This might come as a shock to some, but hockey is not the be-all, end-all to my life. We certainly don’t participate in hockey because it is the only sport we deem worthy. In fact, if I was given the choice, my kids would swim competitively. It’s warmer for those of us watching. No, our reasons for having the boys in hockey is more about the lessons they gain from a team sport. They could learn these life lessons elsewhere, sure. But they chose hockey.
So every weekend from the beginning of September to the end of March, we schedule our lives around hockey. We console ourselves with the knowledge that sooner or later the hockey years will be over and our weekends will be ours again. As much as I am enjoying the hockey community, I don’t know if I’ll be all that sad about closing that chapter.
Because it’s not about hockey for us. It’s about the life lessons that a team sport can teach you.
Life Lesson 1: Focus the Energy
There is a quote from Kenny Rogers that goes like this:
I don’t know about your kids, but mine can get into a lot of trouble when they are bored. There was one afternoon, I think Boy #1 was 4 or 5, which would make Boy #2 around 2 or 3. I didn’t hear a peep from them for about ten minutes and went down our hallway to find them, screwdriver in hand and a 6 inch by 6 inch hole in the hallway drywall, just because.
A sport gives them a place to focus that energy. And it saves my drywall. Win-win.
Life Lesson 2: Honour Your Commitments
I have never been under the illusion that my boys are going to play anything other than house league hockey. While that might give you the idea that it is not a priority in our house, I can assure you, this is not our reality. From the outside looking in, we take this hockey thing very seriously. We schedule our lives around ice times. We are at the rink all.the.time. When people ask me what I’ve been up to, inevitably my answer revolves around hockey. So it would be safe to assume that I’m pushing my boys into the sport.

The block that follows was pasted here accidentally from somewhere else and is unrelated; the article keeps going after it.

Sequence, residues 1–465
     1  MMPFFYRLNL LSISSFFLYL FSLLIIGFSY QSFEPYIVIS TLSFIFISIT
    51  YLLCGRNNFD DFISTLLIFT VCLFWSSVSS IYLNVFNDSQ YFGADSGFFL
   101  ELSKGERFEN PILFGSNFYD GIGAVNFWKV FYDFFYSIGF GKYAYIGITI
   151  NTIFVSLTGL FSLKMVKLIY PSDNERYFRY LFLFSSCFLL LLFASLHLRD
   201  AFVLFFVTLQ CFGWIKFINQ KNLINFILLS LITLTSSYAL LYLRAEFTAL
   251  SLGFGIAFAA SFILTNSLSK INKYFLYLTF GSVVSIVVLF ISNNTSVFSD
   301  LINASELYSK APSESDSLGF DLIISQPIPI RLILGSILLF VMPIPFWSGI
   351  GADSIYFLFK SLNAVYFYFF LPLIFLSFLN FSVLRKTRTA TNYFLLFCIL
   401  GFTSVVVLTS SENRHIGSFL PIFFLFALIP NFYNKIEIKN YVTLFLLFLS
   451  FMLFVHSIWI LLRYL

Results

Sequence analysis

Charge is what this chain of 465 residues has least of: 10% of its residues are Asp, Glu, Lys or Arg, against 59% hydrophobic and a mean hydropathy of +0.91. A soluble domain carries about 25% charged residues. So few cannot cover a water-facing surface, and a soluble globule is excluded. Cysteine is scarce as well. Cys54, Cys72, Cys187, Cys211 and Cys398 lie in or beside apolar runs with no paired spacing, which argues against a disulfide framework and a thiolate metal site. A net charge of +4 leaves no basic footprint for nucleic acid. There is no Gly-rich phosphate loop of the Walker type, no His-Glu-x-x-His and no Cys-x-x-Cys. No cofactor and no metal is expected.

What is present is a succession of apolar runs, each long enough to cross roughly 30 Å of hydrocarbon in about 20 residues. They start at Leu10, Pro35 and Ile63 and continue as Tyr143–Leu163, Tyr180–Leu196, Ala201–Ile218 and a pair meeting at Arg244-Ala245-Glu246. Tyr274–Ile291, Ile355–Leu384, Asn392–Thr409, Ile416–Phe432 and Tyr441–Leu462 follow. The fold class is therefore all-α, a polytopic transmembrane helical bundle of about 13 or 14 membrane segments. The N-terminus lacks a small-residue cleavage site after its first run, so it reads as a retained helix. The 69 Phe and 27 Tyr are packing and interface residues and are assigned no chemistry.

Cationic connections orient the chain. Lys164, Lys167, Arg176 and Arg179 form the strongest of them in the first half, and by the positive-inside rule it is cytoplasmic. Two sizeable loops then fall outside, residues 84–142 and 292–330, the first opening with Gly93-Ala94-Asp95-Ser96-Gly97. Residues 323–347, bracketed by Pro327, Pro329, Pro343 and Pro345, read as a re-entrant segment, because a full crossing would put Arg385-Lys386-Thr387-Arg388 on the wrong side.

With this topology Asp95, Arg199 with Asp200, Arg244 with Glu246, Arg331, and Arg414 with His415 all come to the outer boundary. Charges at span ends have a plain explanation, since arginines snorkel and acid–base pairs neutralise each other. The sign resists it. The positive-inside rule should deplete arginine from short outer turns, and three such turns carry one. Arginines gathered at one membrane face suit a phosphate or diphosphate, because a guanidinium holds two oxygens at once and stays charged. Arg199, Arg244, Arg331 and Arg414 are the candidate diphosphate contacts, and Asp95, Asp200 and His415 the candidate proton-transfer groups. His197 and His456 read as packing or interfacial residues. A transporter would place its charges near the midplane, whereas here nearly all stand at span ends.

Nope. It is strictly that we made a commitment to a team and we honour our commitments.
Life Lesson 3: Give Your Best Effort
One day, family legend will tell the tale of the day I lectured my oldest about laying down on the ice during practice. My exact words were this: “I don’t care what you do on the ice, but do not lay down. It physically pains me to watch you make snow angels when you are supposed to be playing hockey.” He played Novice level at the time. I do not hold Initiation players to the same standard. Similar to dandelion pickers on a soccer field, laying down on the ice is a hallmark of the Initiation years. Once you move to Novice your snow angel days are done, at least when you are playing hockey.
So, I will absolutely read them the riot act if they dog it on the ice. I know what they are capable of, so do not make me sit through a practice or a game to watch them give less than what they are capable of. Everyone gets a pass now and then. Off days happen. But the next practice or game better be at full effort or momma will say something. There is little that irritates me more than wasting time. And it is a waste of their time, their coaches time and my time if they meander through their ice time.
Because it’s not about hockey. It’s about showing up and putting in the effort they are capable of, every day.
It’s about raising my boys to be respectful, honourable adults. And sure, I could do that without them being in hockey. However, they chose to play the sport. They are given the option every year to play or to find something else. They make that decision and it’s my job to help them follow through on that. It’s my job to teach them how to focus their energy, to honour their commitments and to give their best effort.
As I said above, I have never had the illusion that any of my boys will go on to play hockey at higher levels. They aren’t that driven when it comes to the sport. And I’ll be the first to tell you that we don’t play at the competitive levels. Again, they just dont have the drive for it. Some kids do and kudos to the parents that support their kids in competitive level sports. The level of scheduling, planning and support you have to maintain astounds me. It’s just not for my kids and as a result, it’s not for me.
But this doesn’t mean that my time and effort is wasted. Sports, whether it’s hockey, soccer or dodgeball, will always teach you something.
For us, it’s not about hockey. It’s about the life lessons a team sport can teach you.
See you at the rink,